This January, we’re on the search for quick, accessible hacks to kickstart 2023 in the strongest way possible. Today’s strength kickstarter: the benefits of calisthenics workouts.
Many gym-goers like to focus on using weights to work their upper body, lower body or core during a workout. But using your bodyweight has huge benefits too, and isn’t for the faint hearted.
The proof is in calisthenics, a weights-free way to strength train.
“It’s a form of exercise that consists of a variety of movements performed with little to no equipment, utilising gravity and bodyweight leverage,” according to Héloïse Nangle, the head trainer at Core Collective, who says that it should be the “foundation for every other strength-gaining discipline”.
So, what exactly is calisthenics, and what are the benefits? Here, Nangle gives us all the important details on how to do calisthenics workouts, and why we would all benefit from having a go.
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What is calisthenics?
“Calisthenics reverts back to a very natural way of training”, Nangle explains. It dates back to times before the invention of the barbell, when people would rely on their own bodyweight to get strong.
There’s no need to worry about plateauing when doing calisthenics. Just because you only have your body it doesn’t mean you’ll run out of ways to challenge yourself. “You can use elevated surfaces to change the angle of the exercises, vertical surfaces like walls and poles and increase the percentage of bodyweight that you’re lifting to challenge your body in new ways,” Nanglesuggests.
The focus on using gravity is what might scare some people off, but is actually an interesting and exciting way to switch up your training. Think learning how to handstand and V-sit, working against the natural force to train your body. That’s where the gymnastic element comes in, creating unique shapes with your body using flexibility and strength.
What are the benefits of doing calisthenics workouts?
There are so many benefits to doing calisthenics workouts, says Nangle . These include:
- Improved posture
- More strength
- More flexibility in movement patterns
- Less chance of injury
- Improved cardiovascular fitness
Compound movements make you stronger, faster
Calisthenics workouts are all about doing compound exercises that use your bodyweight to make you stronger. In this regard, they are “the ultimate in functional training”, Nagal says, because “you are working out in a way that directly enhances the way you perform everyday life tasks”, by improving your mobility, stability and strength.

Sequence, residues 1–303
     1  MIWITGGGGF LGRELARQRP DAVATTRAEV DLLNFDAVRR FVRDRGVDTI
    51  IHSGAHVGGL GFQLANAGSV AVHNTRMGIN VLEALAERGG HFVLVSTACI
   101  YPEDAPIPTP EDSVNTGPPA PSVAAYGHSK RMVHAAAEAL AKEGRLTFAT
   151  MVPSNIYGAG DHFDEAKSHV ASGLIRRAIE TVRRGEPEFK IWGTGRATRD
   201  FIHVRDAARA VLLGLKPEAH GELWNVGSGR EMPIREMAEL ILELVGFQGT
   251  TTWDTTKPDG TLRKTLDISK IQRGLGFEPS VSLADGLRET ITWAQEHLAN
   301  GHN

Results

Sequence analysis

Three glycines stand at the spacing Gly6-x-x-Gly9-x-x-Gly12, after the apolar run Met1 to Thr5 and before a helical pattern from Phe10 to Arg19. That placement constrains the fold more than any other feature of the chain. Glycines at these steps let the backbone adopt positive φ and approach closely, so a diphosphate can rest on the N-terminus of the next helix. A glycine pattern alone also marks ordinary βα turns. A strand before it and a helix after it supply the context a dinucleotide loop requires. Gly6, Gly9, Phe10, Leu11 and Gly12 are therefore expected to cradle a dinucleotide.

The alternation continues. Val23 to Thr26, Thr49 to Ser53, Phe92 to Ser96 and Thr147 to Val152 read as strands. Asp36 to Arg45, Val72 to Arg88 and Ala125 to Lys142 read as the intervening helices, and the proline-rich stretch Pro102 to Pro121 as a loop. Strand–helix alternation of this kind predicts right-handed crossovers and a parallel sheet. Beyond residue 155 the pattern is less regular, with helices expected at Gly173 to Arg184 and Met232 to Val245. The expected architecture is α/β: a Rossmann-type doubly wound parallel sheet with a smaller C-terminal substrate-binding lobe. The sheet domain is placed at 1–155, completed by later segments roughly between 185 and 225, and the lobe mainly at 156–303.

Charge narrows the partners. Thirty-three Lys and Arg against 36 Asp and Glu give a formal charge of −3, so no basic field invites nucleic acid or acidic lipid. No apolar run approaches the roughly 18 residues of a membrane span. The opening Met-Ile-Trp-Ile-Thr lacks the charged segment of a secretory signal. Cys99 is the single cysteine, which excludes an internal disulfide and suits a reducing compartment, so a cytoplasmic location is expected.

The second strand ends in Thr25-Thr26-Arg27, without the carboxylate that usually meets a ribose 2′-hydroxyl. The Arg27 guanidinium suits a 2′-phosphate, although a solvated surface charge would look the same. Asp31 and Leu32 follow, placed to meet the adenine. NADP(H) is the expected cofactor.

Improved functional fitness and core strength
Not only do they improve your functional fitness, but calisthenics workouts do so across your whole body. When doing calisthenics, “the body should work as a unit, combining your lower half with your upper half, with a connection to your midline”. This connection, Nagal explains, is the core. What this means is that “all muscles are recruited” when doing calisthenics exercises, and that “you will develop a very strong core” as a result of the way you leverage the mid-section of your body.
Best calisthenics workouts for beginners
For a simple but effective workout, Nagal recommends “performing a bodyweight ladder of the following exercises”, which means you do “10 repetitions of each, then nine, all the way down to one”. To really make the most of this workout, she also suggests “holding a plank for 30 seconds between each drop in number”.
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TRX or ring rows
While most calisthenics exercises require no equipment at all, there are some very effective workouts you can do with minimal equipment. To complete this simple bodyweight exercise, hold onto the TRX handles or rings and lean back, so that the handles are supporting your weight. “Keeping your body in line and your core fully engaged, pull yourself up until your hands touch your body,” says Nagal. “This can also be done by setting up a bar in a squat rack and holding onto it with either an overhand or underhand grip, shoulder-width apart”.
If you’re new to calisthenics exercises, you can step your feet further away from the TRX or bar, which will cause you to lean back less. Stepping closer to the machine will mean that you have to lift more of your bodyweight, because you will be closer to the floor when starting the movement.
A firm favourite of PTs, the press-up provides you with an easy-to-do and highly effective calisthenics workout, which can be done just about anywhere.
- Start on the floor on hands and knees
- Get yourself into position with your weight supported on your toes and hands beneath your shoulders, keeping both your body and arms straight
- Lower your body until your chest is an inch from the ground, and then explosively drive up by fully extending your arms
Nagal warns: “Take care to keep your core fully engaged and your tailbone tucked under.”
Squats are another gym classic that also happen to be a go-to calisthenics exercise.
- Stand straight with your feet around shoulder width apart
- Bend your knees and sit back with your hips, as if sitting into a chair
- To come back up, straighten the knees and push up
Nagal says that the idea is to go down as far as you can, and then quickly reverse the motion to take you back to the starting position.
If you want to really get your heart rate up, you can try burpees, which Héloïse says are “guaranteed to elevate the heart rate even further”.
- Start by standing up straight, and then squat down
- Once you’ve gone down as far as you can, reach your hands out in front of you and plant them on the floor
- Jump your feet out behind you so that you land in a high plank position
- Then do a press-up
- Jump your feet towards your hands, pushing yourself back into a squatting position
- Jump up to standing, and repeat
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